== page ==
1.  Modular construction – you are all probably familiar with this and you may be likewise acquainted with my criticisms of this process.  Basically this is a semi-custom design and construction process where the building is subdivided into a number of trailer-sized components, built in a factory, and shipped and then assembled on site.  My chief objection to this process has to do with the exporting of labor – the factories displace the work of local carpenters, framers, and other tradespeople.  As the construction economy has been so terribly lately, I would not champion a method of construction that might make this situation worse.  Not to mention that some of the people who lost houses are probably the same tradespeople that could use some work as well as a new house.

Marmol Radziner's modular desert house

2.  I think this method has a lot of promise.  Panelization also breaks the  building down into components, but does so at a much smaller scale – that of walls, not whole structural sections.  These panels could be built down in Boulder or Longmont and this kind of construction could continue without the weather interruptions common to the mountainous sites for which they are intended.  Key to the potential cost savings here is the development of a series of semi-standard panel sizes that can be configured to accommodate differing sites and maybe existing foundations.

Eames House - a model for panelization?

(photo by Eric Wittman)

3.  Bulk purchasing of materials.  There certainly is money to be saved in purchasing in quantity and pooling some efforts, even among different contractors, could be utilized to reduce construction costs.  This would allow a great variety of designs and styles but some similar material expressions.  You can see a great example of this in the Floral Park Historic District in Boulder.  A one-block collection of houses built in the 1940’s was constructed using identical brick and similar window sizes and styles.  These materials and components were purchased in bulk by the builder and not only saved the homeowners considerable money but also lend the neighbor a kind of theme-and-variation consistency that has only improved with time.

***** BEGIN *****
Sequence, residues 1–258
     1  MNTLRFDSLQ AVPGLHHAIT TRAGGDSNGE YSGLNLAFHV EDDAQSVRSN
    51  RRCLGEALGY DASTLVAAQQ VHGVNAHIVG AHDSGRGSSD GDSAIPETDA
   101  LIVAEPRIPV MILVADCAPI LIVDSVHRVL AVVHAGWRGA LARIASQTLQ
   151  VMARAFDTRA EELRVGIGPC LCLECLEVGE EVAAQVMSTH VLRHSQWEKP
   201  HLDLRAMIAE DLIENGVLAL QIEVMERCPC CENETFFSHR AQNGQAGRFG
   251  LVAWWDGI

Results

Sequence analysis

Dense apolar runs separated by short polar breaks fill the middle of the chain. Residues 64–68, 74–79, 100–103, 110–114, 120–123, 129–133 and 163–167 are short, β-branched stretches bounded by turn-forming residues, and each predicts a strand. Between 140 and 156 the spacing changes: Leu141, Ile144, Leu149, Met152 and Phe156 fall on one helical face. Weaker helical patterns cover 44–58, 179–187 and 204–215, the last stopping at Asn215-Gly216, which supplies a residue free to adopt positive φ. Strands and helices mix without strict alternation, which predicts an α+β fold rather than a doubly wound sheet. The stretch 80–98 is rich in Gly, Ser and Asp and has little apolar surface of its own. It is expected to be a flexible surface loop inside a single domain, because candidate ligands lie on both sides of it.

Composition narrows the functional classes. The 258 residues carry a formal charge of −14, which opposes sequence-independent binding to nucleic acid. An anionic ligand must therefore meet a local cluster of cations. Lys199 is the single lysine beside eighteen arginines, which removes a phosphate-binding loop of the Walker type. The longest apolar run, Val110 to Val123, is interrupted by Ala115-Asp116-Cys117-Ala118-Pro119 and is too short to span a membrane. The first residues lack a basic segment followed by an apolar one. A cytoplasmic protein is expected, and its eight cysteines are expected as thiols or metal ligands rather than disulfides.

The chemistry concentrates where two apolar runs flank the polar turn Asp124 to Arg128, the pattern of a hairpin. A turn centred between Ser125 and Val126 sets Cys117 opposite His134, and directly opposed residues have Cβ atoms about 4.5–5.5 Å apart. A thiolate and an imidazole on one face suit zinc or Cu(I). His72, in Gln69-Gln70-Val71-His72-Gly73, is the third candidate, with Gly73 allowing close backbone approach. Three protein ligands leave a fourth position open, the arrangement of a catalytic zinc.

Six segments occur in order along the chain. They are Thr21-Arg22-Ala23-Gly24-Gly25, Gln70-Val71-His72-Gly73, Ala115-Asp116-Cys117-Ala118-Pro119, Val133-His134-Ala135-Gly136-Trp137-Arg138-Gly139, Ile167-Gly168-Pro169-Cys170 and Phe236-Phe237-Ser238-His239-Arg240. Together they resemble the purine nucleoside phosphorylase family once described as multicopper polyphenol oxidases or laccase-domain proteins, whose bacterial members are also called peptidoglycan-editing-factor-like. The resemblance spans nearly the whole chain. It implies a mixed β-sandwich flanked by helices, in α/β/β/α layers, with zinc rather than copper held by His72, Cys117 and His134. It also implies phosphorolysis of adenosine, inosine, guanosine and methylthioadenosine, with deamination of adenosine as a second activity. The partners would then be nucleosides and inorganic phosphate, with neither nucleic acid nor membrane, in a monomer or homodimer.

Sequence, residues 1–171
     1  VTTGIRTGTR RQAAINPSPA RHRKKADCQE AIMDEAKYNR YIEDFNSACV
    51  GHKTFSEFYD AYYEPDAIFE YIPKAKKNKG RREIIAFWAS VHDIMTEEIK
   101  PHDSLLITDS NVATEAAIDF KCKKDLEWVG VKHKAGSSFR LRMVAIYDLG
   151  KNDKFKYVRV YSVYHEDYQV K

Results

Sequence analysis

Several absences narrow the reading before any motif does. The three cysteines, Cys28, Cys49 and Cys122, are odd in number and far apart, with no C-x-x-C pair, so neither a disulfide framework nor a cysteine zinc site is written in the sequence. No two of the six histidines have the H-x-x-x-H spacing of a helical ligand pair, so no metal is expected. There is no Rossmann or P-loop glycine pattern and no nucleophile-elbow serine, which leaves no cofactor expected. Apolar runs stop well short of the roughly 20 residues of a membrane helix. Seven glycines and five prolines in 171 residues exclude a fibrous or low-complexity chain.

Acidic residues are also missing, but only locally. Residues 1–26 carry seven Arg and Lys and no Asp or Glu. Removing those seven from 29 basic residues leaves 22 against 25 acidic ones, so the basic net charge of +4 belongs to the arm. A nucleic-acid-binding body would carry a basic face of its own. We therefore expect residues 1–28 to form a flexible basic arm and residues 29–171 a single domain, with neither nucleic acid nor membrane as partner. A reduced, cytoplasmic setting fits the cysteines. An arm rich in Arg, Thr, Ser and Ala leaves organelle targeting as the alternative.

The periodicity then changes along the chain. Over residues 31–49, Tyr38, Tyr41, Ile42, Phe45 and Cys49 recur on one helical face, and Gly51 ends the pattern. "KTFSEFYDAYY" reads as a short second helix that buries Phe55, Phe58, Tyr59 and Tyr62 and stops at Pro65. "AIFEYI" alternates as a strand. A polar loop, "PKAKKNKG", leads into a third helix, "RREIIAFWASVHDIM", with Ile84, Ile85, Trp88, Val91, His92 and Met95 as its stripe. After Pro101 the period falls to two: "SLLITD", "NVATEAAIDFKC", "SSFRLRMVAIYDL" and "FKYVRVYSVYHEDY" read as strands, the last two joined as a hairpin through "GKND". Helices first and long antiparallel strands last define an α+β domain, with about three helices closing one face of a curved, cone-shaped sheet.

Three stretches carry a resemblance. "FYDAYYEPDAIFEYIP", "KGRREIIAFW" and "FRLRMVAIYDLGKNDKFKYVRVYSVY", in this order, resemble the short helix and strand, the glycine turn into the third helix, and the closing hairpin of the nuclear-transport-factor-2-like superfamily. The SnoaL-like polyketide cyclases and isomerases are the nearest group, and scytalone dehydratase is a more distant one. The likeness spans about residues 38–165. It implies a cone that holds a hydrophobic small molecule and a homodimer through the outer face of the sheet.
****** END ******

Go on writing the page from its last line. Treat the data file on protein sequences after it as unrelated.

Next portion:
Floral Park Historic District, Boulder

4.  Design Build partnerships.  Many of these already exist and it may makes some sense for architects and contractors to form new partnerships to speed up the design/cost/construction process.  We have done this process quite a few times in the past with Cottonwood Custom Builders resulting in considerable savings of both time and money.

I  don’t know if any or all of these efforts will come to pass and there is serious talk about forming a non-profit of architects, builders, and engineers to help out.  If you have other ideas or would like to be included, either primarily or by simple reference, please let me know.  I think that simply doing nothing would be a bit of a disservice to the efforts of the emergency responders and pooling our efforts may help create a new community of homes in the mountains that can be energy efficient, thrifty, and beautiful.

Boulder County Land Use Department is holding a brownbag lunch/discussion tomorrow, 9/14 at 11am in the Administrative Services Training Room of the County Courthouse (east side) to identify the issues we need to address and the questions we need to answer.  This is a brainstorming session and everyone is welcome.